Journal article Open Access
Filieri, Antonio; Maggio, Martina; Angelopoulos, Konstantinos; D'Ippolito, Nicolas; Gerostathopoulos, Ilias; Hempel, Andreas Berndt; Hoffmann, Henry; Jamshidi, Pooyan; Kalyvianaki, Evangelia; Klein, Cristian; Krikava, Filip; Misailovic, Sasa; Papadopoulos, Alessandro Vittorio; Ray, Suprio; Sharifloo, Amir M.; Shevtsov, Stepan; Ujma, Mateusz; Vogel, Thomas
The pervasiveness and growing complexity of software systems are challenging software engineering to design systems that can adapt their behavior to withstand unpredictable, uncertain, and continuously changing execution environments. Control theoretical adaptation mechanisms have received growing interest from the software engineering community in the last few years for their mathematical grounding, allowing formal guarantees on the behavior of the controlled systems. However, most of these mechanisms are tailored to specific applications and can hardly be generalized into broadly applicable software design and development processes.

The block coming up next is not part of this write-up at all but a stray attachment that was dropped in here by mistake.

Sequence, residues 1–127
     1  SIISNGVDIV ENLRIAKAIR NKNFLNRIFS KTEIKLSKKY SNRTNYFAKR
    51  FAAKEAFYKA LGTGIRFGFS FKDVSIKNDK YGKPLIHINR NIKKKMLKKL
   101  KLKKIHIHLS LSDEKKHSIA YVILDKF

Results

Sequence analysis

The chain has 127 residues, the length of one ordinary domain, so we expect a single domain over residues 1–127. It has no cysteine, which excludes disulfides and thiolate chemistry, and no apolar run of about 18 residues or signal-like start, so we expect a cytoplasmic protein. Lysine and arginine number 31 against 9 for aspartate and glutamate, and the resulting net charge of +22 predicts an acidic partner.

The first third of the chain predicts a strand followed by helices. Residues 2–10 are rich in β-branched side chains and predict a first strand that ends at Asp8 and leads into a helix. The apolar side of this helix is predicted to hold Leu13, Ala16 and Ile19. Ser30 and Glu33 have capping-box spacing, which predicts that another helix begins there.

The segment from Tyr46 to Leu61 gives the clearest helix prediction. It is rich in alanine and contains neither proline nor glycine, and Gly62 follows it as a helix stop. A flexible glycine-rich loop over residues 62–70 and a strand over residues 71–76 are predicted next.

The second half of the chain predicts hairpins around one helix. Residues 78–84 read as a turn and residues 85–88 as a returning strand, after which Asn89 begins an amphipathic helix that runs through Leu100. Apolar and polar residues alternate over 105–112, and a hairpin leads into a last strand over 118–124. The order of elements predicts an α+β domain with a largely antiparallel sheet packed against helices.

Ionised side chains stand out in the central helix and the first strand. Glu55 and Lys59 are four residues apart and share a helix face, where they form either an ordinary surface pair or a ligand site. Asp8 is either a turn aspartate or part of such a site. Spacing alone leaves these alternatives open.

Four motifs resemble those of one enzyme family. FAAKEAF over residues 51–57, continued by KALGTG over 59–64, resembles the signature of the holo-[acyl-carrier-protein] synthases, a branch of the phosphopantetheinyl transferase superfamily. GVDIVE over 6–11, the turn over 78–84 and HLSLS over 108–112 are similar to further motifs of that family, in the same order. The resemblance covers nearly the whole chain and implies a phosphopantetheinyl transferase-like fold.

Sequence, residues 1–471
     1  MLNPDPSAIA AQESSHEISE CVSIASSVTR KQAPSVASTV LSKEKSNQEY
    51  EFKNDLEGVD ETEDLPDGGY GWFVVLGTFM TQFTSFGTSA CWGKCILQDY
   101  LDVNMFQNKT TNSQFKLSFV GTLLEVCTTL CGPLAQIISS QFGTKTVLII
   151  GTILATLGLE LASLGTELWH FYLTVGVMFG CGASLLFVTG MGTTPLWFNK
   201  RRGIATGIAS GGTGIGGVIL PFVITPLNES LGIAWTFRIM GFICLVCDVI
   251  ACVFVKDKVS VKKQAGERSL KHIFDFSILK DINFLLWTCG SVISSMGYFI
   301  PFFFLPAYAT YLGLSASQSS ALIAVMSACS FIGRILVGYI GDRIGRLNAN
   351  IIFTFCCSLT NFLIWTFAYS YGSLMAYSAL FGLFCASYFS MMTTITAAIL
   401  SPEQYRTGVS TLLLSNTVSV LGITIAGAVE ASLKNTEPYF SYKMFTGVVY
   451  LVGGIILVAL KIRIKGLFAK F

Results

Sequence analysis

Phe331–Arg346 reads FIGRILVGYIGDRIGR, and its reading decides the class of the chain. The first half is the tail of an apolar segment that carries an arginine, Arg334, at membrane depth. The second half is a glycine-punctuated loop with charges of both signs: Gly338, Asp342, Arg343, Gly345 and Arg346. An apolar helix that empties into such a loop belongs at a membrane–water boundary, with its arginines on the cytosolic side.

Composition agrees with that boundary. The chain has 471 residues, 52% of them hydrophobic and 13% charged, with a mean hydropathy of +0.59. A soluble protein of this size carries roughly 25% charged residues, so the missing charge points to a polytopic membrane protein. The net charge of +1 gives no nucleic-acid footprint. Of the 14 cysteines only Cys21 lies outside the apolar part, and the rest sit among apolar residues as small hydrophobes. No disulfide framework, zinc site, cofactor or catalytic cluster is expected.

This article discusses a reference control design process, from goal identification to the verification and validation of the controlled system. A taxonomy of the main control strategies is introduced, analyzing their applicability to software adaptation for both functional and nonfunctional goals. A brief extract on how to deal with uncertainty complements the discussion. Finally, the article highlights a set of open challenges, both for the software engineering and the control theory research communities.